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S. Korea heading toward economic storm with no remedy in sight: expert

All News 10:02 January 09, 2017

SEOUL, Jan. 9 (Yonhap) -- South Korea may be heading toward the worst economic turbulence in its history that will require much more than increased fiscal spending as currently planned by the Seoul government, the head of a South Korean think tank said.

Kwon Tae-shin, chief of the Korea Economic Research Institute (KERI), said the country may soon face what he called a "perfect storm" where all three pillars of growth, including investment, will shrink.

"The crisis currently facing the country is a perfect storm where consumption, investment and exports are collapsing at the same time, which means government stimulus through fiscal spending will have little or no effect," the chief researcher said in a breakfast meeting in Chicago, hosted by the Korea-America Economic Association.

In 2016, South Korea's overall exports shrank 5.9 percent on-year to US$495.5 billion, marking the second consecutive year of drop.

Local consumer spending has also remained weak throughout the year amid a steady increase in household debt. The central bank earlier said the country's household debt reached a record high of 1,295.8 trillion won ($1,076 billion) as of end-September, up 11.2 percent from a year earlier.

S. Korea heading toward economic storm with no remedy in sight: expert - 1

Kwon said there may not be a quick remedy for such a crisis, noting political uncertainties in South Korea are already three times higher than the level it saw shortly before the 1997 Asian financial crisis.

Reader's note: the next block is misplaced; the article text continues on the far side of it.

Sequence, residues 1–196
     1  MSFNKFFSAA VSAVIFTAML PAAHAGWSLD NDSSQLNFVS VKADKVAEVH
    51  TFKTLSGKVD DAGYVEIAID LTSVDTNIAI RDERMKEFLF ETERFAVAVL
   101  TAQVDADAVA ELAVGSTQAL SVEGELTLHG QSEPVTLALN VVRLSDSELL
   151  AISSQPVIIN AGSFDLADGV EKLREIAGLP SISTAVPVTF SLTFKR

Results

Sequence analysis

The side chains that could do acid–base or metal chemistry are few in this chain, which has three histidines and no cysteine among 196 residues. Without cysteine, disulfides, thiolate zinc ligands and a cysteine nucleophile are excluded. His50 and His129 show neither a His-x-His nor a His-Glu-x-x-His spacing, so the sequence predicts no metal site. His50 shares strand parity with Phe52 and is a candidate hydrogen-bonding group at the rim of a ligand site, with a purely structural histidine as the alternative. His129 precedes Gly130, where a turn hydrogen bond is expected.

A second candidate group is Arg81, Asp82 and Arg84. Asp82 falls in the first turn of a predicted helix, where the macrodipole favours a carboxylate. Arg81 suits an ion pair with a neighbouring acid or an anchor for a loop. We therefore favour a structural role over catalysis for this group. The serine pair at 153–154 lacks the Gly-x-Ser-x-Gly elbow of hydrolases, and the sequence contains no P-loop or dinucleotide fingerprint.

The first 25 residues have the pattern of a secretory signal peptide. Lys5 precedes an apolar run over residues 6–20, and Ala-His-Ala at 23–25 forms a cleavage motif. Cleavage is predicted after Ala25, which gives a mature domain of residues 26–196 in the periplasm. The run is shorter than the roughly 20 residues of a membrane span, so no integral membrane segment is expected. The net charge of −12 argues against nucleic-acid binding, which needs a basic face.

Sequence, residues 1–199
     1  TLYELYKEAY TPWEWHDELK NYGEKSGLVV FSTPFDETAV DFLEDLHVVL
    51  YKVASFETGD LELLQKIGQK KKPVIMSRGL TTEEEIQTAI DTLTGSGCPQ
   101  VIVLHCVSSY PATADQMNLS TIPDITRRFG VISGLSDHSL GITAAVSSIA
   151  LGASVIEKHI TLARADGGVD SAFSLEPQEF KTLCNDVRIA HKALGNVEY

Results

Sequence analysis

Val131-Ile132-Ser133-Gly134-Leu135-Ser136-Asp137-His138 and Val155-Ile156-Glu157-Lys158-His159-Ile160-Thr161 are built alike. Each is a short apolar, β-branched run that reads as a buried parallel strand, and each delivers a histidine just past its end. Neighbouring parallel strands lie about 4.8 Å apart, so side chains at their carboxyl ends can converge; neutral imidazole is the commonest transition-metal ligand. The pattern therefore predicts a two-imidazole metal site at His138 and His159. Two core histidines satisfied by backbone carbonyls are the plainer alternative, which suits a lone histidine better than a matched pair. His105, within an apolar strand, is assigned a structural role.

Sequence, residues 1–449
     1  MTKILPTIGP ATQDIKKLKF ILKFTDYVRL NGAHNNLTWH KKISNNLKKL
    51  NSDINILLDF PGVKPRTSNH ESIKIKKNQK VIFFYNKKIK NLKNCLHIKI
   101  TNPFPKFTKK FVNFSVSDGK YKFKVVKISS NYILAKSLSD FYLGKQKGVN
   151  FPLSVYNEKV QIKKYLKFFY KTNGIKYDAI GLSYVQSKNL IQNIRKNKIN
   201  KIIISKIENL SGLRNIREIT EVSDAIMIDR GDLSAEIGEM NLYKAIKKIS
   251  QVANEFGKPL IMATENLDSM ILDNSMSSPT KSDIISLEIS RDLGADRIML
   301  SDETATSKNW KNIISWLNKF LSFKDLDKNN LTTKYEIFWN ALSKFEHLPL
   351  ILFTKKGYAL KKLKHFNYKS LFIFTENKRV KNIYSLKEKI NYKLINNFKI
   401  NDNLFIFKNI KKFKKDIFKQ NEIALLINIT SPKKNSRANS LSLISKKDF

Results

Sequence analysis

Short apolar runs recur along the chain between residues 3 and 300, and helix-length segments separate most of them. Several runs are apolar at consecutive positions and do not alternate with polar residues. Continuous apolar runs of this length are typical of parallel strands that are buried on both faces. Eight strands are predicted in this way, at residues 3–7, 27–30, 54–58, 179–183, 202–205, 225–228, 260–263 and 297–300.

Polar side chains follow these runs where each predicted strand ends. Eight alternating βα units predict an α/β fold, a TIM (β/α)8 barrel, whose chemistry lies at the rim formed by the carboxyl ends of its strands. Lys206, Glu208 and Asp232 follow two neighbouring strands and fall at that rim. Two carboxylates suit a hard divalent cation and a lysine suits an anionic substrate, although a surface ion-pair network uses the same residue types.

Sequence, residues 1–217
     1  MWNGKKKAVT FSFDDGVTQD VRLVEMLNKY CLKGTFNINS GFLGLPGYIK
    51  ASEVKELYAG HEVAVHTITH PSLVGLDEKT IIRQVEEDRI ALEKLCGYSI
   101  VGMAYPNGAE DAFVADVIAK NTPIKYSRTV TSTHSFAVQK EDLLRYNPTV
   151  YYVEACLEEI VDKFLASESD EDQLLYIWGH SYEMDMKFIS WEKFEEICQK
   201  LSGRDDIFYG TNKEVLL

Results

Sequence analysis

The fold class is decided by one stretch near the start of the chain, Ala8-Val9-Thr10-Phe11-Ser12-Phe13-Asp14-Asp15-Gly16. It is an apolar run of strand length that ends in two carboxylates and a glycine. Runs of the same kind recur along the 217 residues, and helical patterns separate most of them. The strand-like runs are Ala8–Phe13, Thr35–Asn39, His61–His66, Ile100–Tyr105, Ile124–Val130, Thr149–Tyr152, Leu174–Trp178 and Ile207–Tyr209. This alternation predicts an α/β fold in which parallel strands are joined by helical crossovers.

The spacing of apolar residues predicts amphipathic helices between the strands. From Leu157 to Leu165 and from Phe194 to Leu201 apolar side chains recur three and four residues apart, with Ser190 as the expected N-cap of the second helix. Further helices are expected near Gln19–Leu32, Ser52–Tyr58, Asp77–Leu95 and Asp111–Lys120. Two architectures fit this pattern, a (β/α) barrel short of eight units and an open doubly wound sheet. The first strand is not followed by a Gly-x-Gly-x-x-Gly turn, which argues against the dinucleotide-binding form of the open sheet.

"The investment side too will not be able to see a quick recovery as uncertainties stemming from a possible presidential election are also growing," he said.

South Korea's parliament impeached President Park Geun-hye in late 2016 for her alleged involvement in a corruption and influence-peddling scandal also involving her close friend Choi Soon-sil. The country has to elect new president within 60 days if the Constitutional Court endorses the impeachment.

Kwon said external conditions too will not work in South Korea's favor.

"As global uncertainties are also widening while most advanced countries are nearing depletion of policy measures to revamp their own economies, external conditions may not improve for some time," he said.


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